Etching, 245 x 185mm (9½ x 7¼"). Trimmed inside platemark; glued to backing sheet.
Later state of a print first published with the title "Damn Bucephalus!" (see BM Satire 4730). The first title referred to Wentworth's racehorse Bucephalus, which came closest to beating the famous Eclipse at Newmarket in 1770. The title of this state alludes to Lord Grosvenor's Mambrino, which after a successful career had a failed comeback in 1779. 'It appears likely, therefore, that Bretherton changed the title of the print from Damn Bucephalus! to Damn Mambrino! about 1779' (Clayton). Etching after Henry Bunbury, an amateur printmaker who subsequently enjoyed a successful career as a designer for printsellers. 'Prints by Bunbury an his imitators were conspicuously 'polite' and appealed, like novels, 'To the Fashionable World and Polite circles'. Of good family, amply endowed with social skills, a beautiful wife and connections in high society, Bunbury's appeal was not solely aesthetic' and his admirers 'recognized his comic talent, his informed enthusiasm for literature, and his ability to draw a momentary pang with something of the sensitivity with which Sterne could write it' (Clayton).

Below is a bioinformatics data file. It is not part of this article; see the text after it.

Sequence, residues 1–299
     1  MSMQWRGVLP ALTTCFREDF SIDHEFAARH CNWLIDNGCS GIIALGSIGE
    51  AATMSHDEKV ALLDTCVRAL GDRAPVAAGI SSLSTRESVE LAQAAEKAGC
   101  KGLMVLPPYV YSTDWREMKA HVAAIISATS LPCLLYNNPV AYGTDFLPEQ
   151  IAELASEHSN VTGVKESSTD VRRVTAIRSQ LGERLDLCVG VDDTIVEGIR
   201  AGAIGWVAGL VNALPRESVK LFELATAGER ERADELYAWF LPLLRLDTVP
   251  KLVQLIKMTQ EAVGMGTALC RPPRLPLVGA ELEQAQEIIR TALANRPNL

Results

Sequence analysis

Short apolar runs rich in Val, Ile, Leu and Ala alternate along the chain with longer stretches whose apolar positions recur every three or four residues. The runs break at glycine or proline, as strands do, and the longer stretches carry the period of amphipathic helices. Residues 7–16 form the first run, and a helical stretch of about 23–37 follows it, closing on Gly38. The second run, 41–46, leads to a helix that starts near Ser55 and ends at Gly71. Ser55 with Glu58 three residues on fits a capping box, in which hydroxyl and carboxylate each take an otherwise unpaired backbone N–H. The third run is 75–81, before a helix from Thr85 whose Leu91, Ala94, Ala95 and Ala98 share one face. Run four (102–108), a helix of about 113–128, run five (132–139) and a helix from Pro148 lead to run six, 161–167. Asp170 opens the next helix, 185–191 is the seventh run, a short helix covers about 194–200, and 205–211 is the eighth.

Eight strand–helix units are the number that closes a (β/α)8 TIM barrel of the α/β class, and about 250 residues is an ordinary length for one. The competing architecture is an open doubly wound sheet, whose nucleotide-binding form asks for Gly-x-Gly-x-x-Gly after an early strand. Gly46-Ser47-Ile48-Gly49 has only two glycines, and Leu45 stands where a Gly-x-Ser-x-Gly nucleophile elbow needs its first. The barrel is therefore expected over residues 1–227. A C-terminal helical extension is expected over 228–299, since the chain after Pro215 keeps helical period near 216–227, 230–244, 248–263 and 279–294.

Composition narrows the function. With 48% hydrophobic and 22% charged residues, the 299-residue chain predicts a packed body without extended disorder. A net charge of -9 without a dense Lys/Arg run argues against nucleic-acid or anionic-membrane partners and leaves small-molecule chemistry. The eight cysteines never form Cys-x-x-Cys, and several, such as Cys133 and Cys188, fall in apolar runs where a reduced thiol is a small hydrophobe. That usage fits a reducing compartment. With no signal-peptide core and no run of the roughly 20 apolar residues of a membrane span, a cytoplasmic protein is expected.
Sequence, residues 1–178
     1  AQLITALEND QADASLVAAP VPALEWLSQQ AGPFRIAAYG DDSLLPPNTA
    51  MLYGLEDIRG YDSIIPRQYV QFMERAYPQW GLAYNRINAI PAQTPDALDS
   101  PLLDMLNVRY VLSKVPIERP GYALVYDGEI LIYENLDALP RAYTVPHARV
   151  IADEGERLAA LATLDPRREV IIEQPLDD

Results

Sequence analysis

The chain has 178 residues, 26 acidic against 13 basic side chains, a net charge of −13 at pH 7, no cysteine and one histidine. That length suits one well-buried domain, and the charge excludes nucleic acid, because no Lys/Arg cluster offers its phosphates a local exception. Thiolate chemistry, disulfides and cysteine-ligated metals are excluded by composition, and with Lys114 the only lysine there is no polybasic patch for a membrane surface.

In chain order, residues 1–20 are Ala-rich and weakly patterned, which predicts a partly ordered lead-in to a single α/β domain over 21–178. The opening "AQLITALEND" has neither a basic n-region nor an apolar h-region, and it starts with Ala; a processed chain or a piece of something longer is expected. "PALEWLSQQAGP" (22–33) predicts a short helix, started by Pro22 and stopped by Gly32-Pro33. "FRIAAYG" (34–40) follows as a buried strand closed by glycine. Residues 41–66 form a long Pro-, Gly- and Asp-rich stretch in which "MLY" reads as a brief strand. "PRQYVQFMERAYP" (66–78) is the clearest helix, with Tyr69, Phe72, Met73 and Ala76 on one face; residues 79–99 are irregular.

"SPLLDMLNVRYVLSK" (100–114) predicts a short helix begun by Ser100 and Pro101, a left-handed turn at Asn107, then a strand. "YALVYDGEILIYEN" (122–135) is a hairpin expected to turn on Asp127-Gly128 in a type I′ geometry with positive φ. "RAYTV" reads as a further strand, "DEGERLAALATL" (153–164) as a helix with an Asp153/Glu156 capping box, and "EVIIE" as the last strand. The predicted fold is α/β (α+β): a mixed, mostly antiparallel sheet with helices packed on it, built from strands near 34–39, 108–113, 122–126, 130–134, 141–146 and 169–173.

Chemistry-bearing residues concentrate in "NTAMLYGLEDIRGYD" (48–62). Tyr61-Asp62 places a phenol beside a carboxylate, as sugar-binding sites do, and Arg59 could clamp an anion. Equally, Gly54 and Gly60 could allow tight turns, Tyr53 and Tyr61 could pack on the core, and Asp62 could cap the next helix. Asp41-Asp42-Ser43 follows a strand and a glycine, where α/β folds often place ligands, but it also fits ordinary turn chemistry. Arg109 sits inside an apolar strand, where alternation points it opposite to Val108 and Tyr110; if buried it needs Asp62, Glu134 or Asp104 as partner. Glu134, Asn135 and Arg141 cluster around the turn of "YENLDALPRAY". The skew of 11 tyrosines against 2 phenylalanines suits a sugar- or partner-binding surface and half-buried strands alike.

BM Satire 4731. see Timothy Clayton, 'The English Print, 1688-1802', p.245.
[Ref: 1051] £95.00